Travis Moen scored in the second period and had two fighting majors, so what more do you need out of a guy? And Carey Price with 43 saves? Woo! Although I'm saddened that the racing season is pretty near done, at least I have the Habs to keep me fired up through the off-season. Olé, olé, olé, olé!


Speaking of the Canadiens, defenseman Patrice Brisebois has retired after 18 seasons and over 1,000 NHL games. He was a huge contributor to Montréal, but he gets a free pass from VMM for calling it quits. Why? Because he's becoming a stock car racer.

Brisebois ran a pair of NASCAR Canadian Tire Series races in 2009, finishing 17th and 12th on the road courses at Trois-Rivières and Montréal, respectively.

"I'm going to try and go as far as I can in auto racing," Brisebois told the Associated Press last week. "I'd love to be able to move on to the (NASCAR) Nationwide or Sprint [Cup] series, but it's going to be very tough. Another dream of mine would be to do the 24 Hours of Le Mans."

You go get 'em, Pat.



Time to take a look at the top Vermonters from the past weekend...

Bear Ridge Speedway (Bradford): Chris Donnelly of Piermont, N.H. won his sixth Sportsman Modified feature of the season in Saturday's season finale. Gary Siemons of Orford, N.H. clinched his third track championship with a runner-up finish. Kevin Chaffee of Orange was third with Middlebury's Justin Comes fourth and Jeremy Huntoon of Bradford fifth. Rookie Jason Horniak of Bradford took his third Sportsman Coupe win of the year, over Topsham's Melvin Pierson, Bryan King of Corinth, Ritchie Simmons of Bradford, and champion Josh Harrington of Topsham. Jason Giguere of Enfield, N.H. won the Limited Late Model feature over Bradford's Arnie Stygles, Shane Race of South Strafford, Robert Tucker of East Corinth, and Jason Blake of Waitsfield. Josh Sunn of White River Junction won the Fast Four feature over champion Andy Johnson of Wilder, Steve Bell and Kevin Harran of St. Johnsbury, and Tim Hodge of Vershire. Bradford's Tom Placey wrapped up the Hornet title with his 11th win of the year over Mike Ryan of Chelsea, Charlie Lakin of Groton, Bobby Bell of St. Johnsbury, and Mike Chapin of Chelsea.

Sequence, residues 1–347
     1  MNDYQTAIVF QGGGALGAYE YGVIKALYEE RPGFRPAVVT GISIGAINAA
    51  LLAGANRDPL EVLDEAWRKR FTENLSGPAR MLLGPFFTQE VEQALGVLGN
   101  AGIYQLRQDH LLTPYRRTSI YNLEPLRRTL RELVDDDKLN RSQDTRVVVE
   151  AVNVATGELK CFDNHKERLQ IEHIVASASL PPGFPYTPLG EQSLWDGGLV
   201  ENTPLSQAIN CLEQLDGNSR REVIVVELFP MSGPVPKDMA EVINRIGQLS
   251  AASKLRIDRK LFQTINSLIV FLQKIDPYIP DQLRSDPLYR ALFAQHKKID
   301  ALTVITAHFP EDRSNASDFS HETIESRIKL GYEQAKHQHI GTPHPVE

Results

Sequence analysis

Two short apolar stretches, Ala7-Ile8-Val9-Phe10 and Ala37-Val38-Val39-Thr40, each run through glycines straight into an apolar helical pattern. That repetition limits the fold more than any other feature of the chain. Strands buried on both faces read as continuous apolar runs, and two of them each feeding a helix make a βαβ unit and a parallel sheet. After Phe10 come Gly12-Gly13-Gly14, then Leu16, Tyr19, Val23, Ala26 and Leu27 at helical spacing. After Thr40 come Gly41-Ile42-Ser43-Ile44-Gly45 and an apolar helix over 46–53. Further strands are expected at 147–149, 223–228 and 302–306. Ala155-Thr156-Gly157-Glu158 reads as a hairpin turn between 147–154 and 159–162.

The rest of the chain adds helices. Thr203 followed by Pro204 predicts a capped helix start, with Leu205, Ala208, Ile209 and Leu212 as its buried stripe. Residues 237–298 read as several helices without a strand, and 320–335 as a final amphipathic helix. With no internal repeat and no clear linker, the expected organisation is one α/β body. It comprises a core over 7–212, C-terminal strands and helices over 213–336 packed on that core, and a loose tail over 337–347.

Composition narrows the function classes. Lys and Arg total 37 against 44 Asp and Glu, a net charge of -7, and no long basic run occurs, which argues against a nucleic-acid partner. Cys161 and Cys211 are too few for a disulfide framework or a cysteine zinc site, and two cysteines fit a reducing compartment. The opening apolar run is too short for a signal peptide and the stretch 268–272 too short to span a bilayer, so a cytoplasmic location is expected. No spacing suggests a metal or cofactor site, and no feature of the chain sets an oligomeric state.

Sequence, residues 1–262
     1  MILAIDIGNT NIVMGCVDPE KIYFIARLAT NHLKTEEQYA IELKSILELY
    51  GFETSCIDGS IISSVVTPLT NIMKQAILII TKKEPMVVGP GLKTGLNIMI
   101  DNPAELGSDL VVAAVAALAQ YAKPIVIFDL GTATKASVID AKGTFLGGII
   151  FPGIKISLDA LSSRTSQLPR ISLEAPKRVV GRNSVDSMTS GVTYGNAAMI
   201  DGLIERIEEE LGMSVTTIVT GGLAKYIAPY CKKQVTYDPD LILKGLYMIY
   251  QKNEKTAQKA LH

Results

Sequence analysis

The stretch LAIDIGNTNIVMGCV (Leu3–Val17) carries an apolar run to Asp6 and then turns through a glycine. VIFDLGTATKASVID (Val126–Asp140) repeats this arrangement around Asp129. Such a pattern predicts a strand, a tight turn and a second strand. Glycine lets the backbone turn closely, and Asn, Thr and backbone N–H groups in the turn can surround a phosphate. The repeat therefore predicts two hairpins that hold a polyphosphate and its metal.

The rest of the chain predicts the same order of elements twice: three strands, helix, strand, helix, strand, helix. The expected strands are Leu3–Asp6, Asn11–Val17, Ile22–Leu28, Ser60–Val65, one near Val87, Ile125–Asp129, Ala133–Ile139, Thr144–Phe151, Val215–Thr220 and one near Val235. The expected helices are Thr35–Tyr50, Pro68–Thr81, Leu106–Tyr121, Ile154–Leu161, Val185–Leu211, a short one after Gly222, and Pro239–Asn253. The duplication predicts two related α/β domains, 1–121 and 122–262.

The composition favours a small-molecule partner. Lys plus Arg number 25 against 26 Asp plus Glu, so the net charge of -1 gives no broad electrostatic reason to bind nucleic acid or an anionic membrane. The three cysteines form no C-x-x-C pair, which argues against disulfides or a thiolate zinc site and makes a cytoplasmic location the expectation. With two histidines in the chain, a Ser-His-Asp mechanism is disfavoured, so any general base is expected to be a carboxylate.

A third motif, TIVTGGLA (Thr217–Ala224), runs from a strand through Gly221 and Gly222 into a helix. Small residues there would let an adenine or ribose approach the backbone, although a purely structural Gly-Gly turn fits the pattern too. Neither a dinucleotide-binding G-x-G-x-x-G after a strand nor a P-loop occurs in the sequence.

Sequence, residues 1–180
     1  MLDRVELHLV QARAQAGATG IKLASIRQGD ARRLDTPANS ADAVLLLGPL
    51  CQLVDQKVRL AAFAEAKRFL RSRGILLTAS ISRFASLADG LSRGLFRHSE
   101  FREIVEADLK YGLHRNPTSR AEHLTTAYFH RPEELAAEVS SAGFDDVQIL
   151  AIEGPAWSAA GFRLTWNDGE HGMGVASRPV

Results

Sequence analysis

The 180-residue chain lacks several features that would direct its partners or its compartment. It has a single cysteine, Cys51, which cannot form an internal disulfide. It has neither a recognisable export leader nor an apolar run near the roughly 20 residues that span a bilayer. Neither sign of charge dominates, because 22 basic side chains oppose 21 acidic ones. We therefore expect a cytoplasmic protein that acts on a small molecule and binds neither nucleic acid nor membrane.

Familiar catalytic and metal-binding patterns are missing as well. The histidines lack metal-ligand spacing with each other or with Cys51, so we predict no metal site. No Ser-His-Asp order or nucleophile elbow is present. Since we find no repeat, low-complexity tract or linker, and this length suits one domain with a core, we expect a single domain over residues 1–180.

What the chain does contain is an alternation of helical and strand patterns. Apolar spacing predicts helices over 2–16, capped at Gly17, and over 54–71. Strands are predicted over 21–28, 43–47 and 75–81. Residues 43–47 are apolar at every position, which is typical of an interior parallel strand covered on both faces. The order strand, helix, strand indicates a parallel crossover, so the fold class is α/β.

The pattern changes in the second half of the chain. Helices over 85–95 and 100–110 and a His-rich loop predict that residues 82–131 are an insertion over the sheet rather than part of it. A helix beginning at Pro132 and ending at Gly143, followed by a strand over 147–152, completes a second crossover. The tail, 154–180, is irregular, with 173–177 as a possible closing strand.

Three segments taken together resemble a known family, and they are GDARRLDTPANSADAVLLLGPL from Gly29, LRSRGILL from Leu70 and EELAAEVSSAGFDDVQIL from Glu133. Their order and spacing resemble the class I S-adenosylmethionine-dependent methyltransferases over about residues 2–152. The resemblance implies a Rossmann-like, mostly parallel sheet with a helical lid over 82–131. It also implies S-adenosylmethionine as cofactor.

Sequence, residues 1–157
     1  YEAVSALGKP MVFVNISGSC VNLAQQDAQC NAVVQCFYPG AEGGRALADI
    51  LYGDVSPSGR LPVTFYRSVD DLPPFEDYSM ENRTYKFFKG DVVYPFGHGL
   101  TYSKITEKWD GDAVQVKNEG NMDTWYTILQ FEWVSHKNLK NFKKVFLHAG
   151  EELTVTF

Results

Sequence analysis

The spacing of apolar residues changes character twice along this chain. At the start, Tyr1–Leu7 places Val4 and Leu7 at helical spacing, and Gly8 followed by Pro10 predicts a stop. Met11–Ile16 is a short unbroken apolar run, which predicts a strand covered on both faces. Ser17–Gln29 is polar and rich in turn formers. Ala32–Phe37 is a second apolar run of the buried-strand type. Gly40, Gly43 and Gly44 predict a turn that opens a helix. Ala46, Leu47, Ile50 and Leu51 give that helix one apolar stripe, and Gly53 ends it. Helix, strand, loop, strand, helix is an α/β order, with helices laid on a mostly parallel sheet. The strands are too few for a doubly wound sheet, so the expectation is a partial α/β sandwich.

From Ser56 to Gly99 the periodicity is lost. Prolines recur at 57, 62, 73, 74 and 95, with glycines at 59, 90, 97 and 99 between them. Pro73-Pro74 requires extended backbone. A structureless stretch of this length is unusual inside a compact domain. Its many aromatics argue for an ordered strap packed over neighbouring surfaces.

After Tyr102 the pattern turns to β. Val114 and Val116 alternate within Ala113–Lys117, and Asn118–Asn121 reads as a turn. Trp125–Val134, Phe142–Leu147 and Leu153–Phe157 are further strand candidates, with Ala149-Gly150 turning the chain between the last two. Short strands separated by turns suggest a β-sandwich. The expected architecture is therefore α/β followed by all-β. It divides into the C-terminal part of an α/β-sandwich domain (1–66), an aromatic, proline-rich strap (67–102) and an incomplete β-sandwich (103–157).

Monadnock Speedway (Winchester, N.H.): Josh King of Vernon finished ninth in Saturday's Super Stock feature, with Dana Shepard of Putney tenth. Joe Rogers of Ludlow was 12th in the Mini Stocks with Brattleboro's Travis Grover 23rd. Vernon's Heath Renaud finished second in the four-cylinder Enduro with Ascutney's Tyler Lescord third, and Dick Houle of West Brattleboro was the division champion.

NASCAR Camping World Series East: Ryan Moffitt of Grimes, Ia. won Friday's Sunoco 150 at Dover Int'l Speedway in Dover, Del., with Barney McRae of Milton 18th. Rookie Ryan Truex of Mayetta, N.J. was named the champion.